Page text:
William, thank you for being here. Tell us a little bit about you and your background:
I got involved with environmentalism when I was a young man of 13 years of age. By the time I was 17 I began to focus on the interconnections of how our global approach to economic development was the direct cause of all the issues we were sure to face with climate, resource preservation, eco-system management, and ultimately those challenges that would be determine human evolution. Recognizing the complexity of what we faced, I started to educate myself on all the aspects that contributed to human development and societal expansion such that I could understand how each element played a part in contributing to a sustainable and regenerative society. It was from this effort that I began my work on the experiential gaming platform “Sustainable Planet” which has since been the focus of my work with Energime University.
What is a fun fact about you?
To a large extent my education has been self-directed since I was 15 years of age. I entered Binghamton University after completing high school is 3 years and then left college after my father died in my 2nd year. I then left to travel the world and follow my own path to complete my education. Over those years I attended many different schools in the US and Europe taking a variety of classes that helped form the foundation of my knowledge.
Why do you think climate change and sustainability is such an important topic today?
Human evolution and the entire evolutionary path of our current global bio-diversity will be determined by our decisive actions, or failure to act decisively over the next decade. Time is of the essence. This is our last best chance to avoid a complete global collapse of the eco-systems and resources we depend on for our sustenance and to preserve many of the irreplaceable natural treasures that are now being threatened by our unfocused, uncoordinated, and insufficient efforts.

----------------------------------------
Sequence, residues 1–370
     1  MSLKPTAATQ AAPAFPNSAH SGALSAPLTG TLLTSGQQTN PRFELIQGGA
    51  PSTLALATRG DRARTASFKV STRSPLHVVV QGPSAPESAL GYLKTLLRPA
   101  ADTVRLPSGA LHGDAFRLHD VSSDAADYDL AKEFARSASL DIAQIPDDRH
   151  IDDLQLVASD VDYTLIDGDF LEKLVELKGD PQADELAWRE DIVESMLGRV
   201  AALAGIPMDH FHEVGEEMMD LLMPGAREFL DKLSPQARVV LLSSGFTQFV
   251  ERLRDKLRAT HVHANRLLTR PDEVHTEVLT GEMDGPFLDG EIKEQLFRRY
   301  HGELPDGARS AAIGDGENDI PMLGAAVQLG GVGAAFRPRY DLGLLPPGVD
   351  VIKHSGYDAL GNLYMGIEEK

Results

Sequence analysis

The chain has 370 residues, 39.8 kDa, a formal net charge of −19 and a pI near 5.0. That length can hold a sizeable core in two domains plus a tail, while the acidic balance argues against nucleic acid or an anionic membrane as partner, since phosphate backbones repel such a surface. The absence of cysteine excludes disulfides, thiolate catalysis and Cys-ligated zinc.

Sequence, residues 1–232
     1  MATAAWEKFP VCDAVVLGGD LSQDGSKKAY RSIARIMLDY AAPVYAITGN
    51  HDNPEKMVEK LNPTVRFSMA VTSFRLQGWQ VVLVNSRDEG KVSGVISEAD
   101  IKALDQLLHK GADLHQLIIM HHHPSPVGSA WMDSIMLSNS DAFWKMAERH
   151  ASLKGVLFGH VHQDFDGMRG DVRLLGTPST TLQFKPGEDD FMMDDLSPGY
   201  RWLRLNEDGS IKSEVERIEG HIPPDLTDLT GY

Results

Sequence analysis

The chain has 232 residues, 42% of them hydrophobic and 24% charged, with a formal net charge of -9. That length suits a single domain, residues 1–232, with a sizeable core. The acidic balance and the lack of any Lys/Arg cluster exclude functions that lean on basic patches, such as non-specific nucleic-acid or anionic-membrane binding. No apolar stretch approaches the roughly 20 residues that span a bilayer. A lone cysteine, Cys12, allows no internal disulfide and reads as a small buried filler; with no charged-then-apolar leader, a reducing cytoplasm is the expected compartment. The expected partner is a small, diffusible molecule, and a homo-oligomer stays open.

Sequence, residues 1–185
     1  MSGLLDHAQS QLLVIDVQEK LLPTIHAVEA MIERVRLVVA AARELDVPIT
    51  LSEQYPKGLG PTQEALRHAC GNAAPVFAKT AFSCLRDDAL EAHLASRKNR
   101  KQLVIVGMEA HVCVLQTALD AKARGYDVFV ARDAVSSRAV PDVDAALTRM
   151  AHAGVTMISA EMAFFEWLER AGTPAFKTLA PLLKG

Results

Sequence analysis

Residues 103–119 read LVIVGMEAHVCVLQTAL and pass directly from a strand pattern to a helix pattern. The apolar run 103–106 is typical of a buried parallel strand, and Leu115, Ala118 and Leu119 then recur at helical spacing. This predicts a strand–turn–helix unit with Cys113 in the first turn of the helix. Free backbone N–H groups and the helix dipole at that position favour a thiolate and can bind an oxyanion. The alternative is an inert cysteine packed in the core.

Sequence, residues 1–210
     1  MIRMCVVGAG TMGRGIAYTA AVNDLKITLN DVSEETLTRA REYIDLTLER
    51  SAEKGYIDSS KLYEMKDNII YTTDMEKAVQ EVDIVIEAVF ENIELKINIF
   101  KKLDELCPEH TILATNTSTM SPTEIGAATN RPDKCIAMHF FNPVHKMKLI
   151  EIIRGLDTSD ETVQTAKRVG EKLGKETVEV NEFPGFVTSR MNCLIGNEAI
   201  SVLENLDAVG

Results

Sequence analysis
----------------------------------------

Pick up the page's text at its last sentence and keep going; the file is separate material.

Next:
What do you envision your industry looking like 10 years from now?
Energime University is focused on education, training, and project development. We had hoped we would be at the forefront of preparing our population for the challenges we would face as climate change intensified and access to critical resources became more of a growing issue. Unfortunately, human beings are essentially reactionary by nature and it now looks as though will be trying to address those issues after they reach critical stages. It seems humanity is resigned to going off the cliff hard before we understand you can’t change our current path without changing human mindset. Somehow education always is the last thing that is considered even though it is the essential element in creating the critical mass of understanding required for an effective global response.
What can the average person do to make a difference?
Stop talking about the problems and get involved with how your community approaches energy production, food, waste and water management. Support businesses and legislation that manage resources and reduce the negative impacts that our existence has on our fragile environment. For that to happen PROPER education is necessary. These challenges are complex and require a different approach than conventional educational methods. Unfortunately, the great majority of Colleges and Universities are focused on degree programs, not delivering this critical knowledge which needs to be universally understood by coming generations.